As we approached one neighborhood en route back to Manama and the airport, Mohammed explained that the area was known for political protests. The words had barely left his mouth when a thick blanket of back smoke appeared, and soon we approached an intersection where tires where tires had been set aflame by indignant demonstrators. Rather than stop traffic, cars inched slowly around them; when it was our turn, we both snapped photos with our iPhones, and Mohammed laughed nervously. I just smiled. I really was seeing quite a bit in just twenty-three short hours.
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I think what makes this brief stay so significant for me is that it has opened up an entirely new region of the world to my realm of possibilities. Previously, I think I was equal parts intimidated by and indifferent to travel in the Middle East. Yet in spite of the burning tires and the metal detectors at the entrance to my hotel, I felt incredibly safe and welcome, and intrigued to learn more about this culture so exotic to me. Leaving Bahrain, I started to daydream about traveling to countries that were never really on my radar before.
Back at the airport just a day after I’d touched down, I strained to hear my boarding call announcement over the amplified evening call to prayer. And as I made my way to my gate, I smiled again — I’d be back soon.
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Still holiday shopping? Don’t forget to check out my new Wanderland Wearable collection!
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Many thanks to the Intercontinental Bahrain for their overwhelming hospitality. As usual, you receive my honest opinions regardless of who is footing the bill.
It’s amazing that visiting Bahrain has made you want to explore more of the Middle East, you obviously got a lot out of your trip. What an interesting country, it looks beautiful in your photos!
I guess all I needed was a little taste to pique my interest! Someday I will explore more…
What an incredible experience. Everything looks so bright and exotic! I think you really spent your time well. You’ve certainly given me some travel inspiration!
I’m so glad to hear that Marie! It really did feel deliciously exotic. That’s what I loved so much about it…
I love your admission that you were “equal parts intimidated by and indifferent to travel in the Middle East.” That’s probably how a lot of Westerners feel…
One place I am DYIIIING to go is Socatra in Yemen. Bucket list item for sure!
WHOA! I had never even heard of Socatra. Gorgeous! So added to my bucket list. Thanks for the inspiration Becky!
Absolutely beautiful photos, Alex! You really crammed a lot into 23 hours. Love the headscarf selfie but am actually surprised cameras were allowed inside the mosque.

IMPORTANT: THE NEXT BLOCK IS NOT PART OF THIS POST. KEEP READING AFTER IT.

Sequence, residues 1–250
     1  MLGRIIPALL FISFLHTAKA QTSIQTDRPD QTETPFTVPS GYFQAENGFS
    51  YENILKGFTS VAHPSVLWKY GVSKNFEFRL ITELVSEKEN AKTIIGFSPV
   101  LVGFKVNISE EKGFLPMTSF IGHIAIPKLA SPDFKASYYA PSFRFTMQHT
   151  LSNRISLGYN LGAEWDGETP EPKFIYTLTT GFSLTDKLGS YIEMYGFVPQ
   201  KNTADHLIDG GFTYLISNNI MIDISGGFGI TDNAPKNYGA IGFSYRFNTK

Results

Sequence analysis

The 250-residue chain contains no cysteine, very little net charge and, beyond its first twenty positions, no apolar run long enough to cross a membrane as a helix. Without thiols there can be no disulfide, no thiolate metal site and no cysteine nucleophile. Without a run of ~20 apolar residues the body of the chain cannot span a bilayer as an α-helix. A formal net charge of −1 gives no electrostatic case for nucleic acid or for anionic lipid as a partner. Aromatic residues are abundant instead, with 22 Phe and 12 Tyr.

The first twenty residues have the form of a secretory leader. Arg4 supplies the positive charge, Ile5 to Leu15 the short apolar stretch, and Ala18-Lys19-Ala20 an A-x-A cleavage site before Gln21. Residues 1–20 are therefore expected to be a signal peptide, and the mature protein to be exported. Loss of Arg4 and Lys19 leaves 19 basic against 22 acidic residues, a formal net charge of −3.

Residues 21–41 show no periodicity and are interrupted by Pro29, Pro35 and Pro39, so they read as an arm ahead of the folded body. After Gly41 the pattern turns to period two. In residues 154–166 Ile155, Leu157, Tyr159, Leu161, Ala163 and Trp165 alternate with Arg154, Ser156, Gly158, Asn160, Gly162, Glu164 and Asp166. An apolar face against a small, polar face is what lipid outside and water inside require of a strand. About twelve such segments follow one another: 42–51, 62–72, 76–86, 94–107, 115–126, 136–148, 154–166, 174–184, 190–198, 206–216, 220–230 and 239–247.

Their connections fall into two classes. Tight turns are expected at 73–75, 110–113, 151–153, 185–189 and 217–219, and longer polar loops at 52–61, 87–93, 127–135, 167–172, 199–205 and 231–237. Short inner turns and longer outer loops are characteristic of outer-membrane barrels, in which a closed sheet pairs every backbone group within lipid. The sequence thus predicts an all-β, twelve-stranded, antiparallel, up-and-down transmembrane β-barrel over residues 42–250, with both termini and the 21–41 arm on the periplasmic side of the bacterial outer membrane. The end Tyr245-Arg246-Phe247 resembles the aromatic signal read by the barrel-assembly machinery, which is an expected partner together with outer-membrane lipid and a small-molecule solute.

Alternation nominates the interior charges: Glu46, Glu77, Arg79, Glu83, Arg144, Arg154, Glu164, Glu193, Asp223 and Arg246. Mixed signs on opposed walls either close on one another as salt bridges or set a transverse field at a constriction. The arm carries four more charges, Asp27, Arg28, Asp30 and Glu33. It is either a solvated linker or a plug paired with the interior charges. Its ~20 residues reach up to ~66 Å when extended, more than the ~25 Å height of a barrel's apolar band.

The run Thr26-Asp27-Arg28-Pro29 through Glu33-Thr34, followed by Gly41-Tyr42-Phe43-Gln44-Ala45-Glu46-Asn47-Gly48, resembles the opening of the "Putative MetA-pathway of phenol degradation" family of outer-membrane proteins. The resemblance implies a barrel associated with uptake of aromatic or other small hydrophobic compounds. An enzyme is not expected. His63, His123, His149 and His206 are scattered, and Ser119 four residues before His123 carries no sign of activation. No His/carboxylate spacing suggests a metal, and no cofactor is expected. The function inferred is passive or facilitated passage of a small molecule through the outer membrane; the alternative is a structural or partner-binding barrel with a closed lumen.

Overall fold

I was too! I asked Mohammed somewhat timidly ahead of time and he assured me it was fine. When I arrived I asked again and was assured it was welcomed! I suppose it goes along with their goal of spreading knowledge about their religion…
Alex, I have wanted to go to Bahrain for some time, and I think a stopover is really the way to do it. Which airline were you flying? I love, love, love the camels…so cute!
It was Gulf Air. They were great — would fly again!
I think it’s amazingly cool that you were able to have this experience. And that you were opened up to traveling in a whole new part of the world is just awesome. I haven’t been to the Middle East myself, but I’m endlessly fascinated by it. And I think now that I’m living in a Muslim country I’m even more interested in exploring the Middle East. I had my first taste of Islam while traveling in Malaysia earlier this year. I visited the National Mosque there where, like you in Bahrain, I was required to be covered head to toe. The whole experience was just incredibly interesting and I seriously fell in love with Islamic architecture during that trip. I’m so glad to hear that you had such a great 24 hours in Bahrain and if/when you do travel to the Middle East again I would so love to read about it!! Oh, and your camel photos are so great 🙂
I’m sorry to say I never visited the National Mosque in Malaysia. I’m sure I will be back again someday though… I’ll be sure to hit it up next time!
I can’t believe how much you got out of your time in Bahrain! And I absolutely love your camel photos, haha. Brilliant!
Thanks Miriam 🙂 They made my trip!
I had a similar jolting experience when I got to Qatar. SO different. Loved that… after traveling a lot, it takes a big change to really give a good jolt.
Love your flamingo dress, so cute.
And I had to giggle about the shoe removal at the mosque. And WHAT a mosque. Stunning.
Exactly. It is an exhilarating feeling and almost a relief that it can still happen! It’s just too easy to get jaded sometimes. It was a very refreshing, if short, trip 🙂
I have a friend who spent 6 weeks in Bahrain and she absolutely loved it! Considering the island is so small, you can see quite a bit in just one day. But it seems like there is a lot to do, your pictures make me want to visit right now!
Six weeks would have been a bit much for me, but I certainly could have used longer than this! I’m glad your friend had a great experience though 🙂
I love your dress! I just met someone recently who did his masters degree in Israel and traveled extensively throughout the region. The Middle East is certainly an area that I am interested in exploring, but I’m not sure it would be a place I would do alone.
I definitely was put at ease by having a local accompanying me. I’m sure I would have managed on my own, but this was a really nice way to try out the region for the first time. I have considered joining a small tour to explore more of the Middle East in the future.